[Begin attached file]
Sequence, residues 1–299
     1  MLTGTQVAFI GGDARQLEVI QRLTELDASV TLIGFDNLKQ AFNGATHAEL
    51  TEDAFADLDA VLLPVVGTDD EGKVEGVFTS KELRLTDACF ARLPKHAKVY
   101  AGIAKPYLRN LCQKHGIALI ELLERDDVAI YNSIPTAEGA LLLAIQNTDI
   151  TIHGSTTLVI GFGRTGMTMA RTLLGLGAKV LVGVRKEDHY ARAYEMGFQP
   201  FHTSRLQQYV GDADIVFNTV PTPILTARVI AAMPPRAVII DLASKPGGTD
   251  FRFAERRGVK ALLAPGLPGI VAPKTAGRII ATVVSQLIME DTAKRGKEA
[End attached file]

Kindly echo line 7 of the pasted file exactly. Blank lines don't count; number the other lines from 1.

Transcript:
   251  FRFAERRGVK ALLAPGLPGI VAPKTAGRII ATVVSQLIME DTAKRGKEA